Under our current system, one person, the governor, has enormous control over the state budget. The governor submits an annual budget in January. The legislature can make cuts but cannot increase any budget items or shift funds to invest more in priorities their constituents identify.
Maryland stands alone among states in how much power it gives the governor in its budget process. Only three states limit the ability of the legislature to increase spending. And Maryland is the only state in which only the governor can directly add items or amounts to the budget.
This system is out of balance, giving one branch of government outsized control of the budget — to the exclusion of the legislature and the people they represent.
Members of the General Assembly, elected from districts that each represent slightly more than 2 percent of the state’s population, are clearly more easily accessible and more accountable to their constituents than is the governor. This lack of balance in budgetary power reduces the practical influence and engagement of citizens on decisions regarding the use of public funds and the priorities of their state government.
A state’s budget is more than numbers in a spreadsheet. The budget is a living demonstration of our values as a state, determining via funding how much we care about the vital components of civic life — from education and health to transportation and environmental protections. We are a stronger state if we give Marylanders and their elected representatives a greater role in establishing those spending priorities.
To be sure, the legislature has developed tools to influence spending under the current system — but they generally require passing new funding mandates that usually don’t go into effect for at least a year. And mandating a complicated mix of funding streams has its own challenges.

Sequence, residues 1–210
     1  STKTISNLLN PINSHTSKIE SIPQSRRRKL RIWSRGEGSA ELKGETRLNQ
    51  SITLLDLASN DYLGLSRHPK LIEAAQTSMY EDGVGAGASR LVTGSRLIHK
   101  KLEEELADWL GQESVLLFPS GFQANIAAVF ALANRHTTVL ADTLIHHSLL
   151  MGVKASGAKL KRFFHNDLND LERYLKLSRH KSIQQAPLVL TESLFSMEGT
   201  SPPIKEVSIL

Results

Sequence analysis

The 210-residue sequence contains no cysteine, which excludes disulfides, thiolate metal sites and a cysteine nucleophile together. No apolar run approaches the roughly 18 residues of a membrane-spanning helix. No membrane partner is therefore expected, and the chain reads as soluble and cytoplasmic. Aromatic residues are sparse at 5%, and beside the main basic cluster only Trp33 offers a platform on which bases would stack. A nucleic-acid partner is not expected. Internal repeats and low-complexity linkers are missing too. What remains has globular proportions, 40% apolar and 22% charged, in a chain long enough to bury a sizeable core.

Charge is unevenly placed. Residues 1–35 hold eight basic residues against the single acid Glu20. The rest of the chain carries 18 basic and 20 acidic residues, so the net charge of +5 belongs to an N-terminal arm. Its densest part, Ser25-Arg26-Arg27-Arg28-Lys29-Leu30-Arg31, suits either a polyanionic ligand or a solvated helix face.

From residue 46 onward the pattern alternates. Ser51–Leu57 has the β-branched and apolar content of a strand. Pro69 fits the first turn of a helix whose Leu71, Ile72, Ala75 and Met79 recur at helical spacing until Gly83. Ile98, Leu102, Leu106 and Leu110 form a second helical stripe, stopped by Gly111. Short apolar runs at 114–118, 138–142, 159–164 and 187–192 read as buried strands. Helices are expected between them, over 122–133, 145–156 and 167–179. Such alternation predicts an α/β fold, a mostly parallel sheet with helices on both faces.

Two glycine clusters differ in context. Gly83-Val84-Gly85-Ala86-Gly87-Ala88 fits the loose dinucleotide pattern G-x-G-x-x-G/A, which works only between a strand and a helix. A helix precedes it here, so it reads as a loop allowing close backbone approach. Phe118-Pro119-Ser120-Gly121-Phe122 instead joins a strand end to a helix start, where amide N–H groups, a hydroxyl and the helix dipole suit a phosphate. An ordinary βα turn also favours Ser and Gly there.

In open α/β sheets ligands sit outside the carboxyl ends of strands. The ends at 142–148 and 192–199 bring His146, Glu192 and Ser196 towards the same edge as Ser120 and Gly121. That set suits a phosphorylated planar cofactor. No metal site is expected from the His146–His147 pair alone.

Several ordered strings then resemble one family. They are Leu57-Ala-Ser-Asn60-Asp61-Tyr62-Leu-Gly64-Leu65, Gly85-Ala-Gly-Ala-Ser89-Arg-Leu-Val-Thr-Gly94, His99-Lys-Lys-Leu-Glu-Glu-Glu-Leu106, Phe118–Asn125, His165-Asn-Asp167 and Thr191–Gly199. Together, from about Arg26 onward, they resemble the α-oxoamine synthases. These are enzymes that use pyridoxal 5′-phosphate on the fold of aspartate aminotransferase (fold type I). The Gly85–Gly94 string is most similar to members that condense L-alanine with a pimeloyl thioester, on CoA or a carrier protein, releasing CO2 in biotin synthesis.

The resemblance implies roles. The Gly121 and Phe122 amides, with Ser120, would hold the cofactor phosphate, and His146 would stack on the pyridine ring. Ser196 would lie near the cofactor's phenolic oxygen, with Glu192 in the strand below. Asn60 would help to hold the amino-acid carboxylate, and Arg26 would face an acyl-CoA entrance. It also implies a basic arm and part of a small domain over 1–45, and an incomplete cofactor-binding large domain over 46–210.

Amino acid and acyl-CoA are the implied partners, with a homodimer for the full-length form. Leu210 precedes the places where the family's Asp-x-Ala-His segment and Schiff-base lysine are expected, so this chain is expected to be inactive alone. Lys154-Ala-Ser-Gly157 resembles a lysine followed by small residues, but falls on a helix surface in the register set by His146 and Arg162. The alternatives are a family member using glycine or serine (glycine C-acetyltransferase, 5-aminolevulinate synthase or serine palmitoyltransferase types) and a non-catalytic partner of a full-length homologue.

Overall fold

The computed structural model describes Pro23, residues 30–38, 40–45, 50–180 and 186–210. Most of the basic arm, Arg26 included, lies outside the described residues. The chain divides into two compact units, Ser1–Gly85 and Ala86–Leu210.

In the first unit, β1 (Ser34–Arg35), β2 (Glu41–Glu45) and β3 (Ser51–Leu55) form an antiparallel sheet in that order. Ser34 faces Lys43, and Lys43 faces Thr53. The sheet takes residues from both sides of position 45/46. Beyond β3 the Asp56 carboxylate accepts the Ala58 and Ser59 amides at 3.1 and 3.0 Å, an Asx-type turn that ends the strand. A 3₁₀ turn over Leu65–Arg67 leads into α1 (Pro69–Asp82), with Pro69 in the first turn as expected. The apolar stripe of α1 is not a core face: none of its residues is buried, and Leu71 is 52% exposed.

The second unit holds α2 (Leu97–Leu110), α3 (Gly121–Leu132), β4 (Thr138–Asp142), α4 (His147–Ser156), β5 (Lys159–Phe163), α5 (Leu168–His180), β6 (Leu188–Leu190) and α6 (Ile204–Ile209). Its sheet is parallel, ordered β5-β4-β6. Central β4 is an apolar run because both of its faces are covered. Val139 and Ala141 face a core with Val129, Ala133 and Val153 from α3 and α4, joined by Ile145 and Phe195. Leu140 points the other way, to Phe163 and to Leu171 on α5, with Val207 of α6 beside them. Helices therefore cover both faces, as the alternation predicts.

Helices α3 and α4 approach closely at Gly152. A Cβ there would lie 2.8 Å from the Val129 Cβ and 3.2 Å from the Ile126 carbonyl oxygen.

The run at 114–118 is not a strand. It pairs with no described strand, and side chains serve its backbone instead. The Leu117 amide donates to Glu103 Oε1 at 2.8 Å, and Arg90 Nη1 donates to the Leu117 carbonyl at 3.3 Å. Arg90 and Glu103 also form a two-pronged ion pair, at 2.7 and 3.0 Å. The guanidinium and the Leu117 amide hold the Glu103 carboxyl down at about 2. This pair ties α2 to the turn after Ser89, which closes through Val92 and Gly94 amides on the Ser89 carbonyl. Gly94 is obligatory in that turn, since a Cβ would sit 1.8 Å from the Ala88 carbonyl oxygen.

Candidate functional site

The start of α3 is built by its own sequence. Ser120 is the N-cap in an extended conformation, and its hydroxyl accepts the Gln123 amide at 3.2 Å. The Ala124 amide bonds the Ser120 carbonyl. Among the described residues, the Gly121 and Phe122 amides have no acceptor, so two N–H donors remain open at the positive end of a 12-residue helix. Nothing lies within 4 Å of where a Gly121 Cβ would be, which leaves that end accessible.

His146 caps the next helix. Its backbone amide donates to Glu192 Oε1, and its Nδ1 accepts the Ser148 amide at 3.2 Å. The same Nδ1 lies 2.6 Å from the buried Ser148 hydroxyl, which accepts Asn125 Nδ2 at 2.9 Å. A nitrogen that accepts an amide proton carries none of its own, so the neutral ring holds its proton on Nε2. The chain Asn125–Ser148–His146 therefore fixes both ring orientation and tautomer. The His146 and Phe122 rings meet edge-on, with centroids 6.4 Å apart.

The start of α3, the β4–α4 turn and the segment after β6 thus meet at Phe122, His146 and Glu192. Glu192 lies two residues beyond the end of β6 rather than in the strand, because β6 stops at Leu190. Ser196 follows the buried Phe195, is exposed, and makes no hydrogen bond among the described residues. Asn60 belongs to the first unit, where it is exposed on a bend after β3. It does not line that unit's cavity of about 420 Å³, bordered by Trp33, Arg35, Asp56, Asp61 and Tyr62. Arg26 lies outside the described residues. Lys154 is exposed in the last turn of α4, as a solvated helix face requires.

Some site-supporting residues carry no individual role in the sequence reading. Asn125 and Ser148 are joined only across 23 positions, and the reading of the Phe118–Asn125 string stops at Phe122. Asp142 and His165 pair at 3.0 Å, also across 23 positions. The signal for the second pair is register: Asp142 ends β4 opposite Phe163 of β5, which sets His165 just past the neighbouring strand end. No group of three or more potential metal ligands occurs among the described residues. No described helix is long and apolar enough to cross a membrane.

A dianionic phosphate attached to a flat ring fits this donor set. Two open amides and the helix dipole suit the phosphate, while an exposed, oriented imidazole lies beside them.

We have seen the flaws of this process on display in Annapolis several times in recent years. For example, in 2015, the General Assembly developed a bipartisan plan to restore more than $200 million in funding for education, health care and other priorities. Because of the imbalance of budget power, the governor was able to refuse to spend $68 million the legislature had fenced off specifically for education. As a result, in the following school year, 80 percent of Maryland students attended schools that had fewer resources to invest in their education. Even though an overwhelming number of General Assembly members — and a majority of Marylanders — disagreed with the governor’s decision, our outdated budget system prevented anyone from overruling his action.
The ballot question would adjust that power dynamic by allowing the legislature to move money around in the budget. It would not allow the legislature to increase the overall amount of the budget, ensuring the state maintains its long-standing fiscal prudence. The proposed amendment goes one step further by giving the governor line-item veto authority. Question 1 is a responsible step that will speak more clearly to our values.
So what will happen if the ballot question passes? In coming years, the General Assembly could, for example, carefully consider spending proposed by the governor for such things as behavioral health treatment or state payments to front-line workers carrying for vulnerable populations. If the governor’s budget is shortchanging these vital programs, the legislature could identify savings in other corners of the budget and reallocate those funds. Increased collaboration between the governor and the legislature is the right way for the state to address the major fiscal challenges we face.
This kind of change to the constitution has been under consideration for decades. Now is the time to modernize our budget process and join other states in creating a more equitable system. Vote for democracy and support Question 1 on the ballot.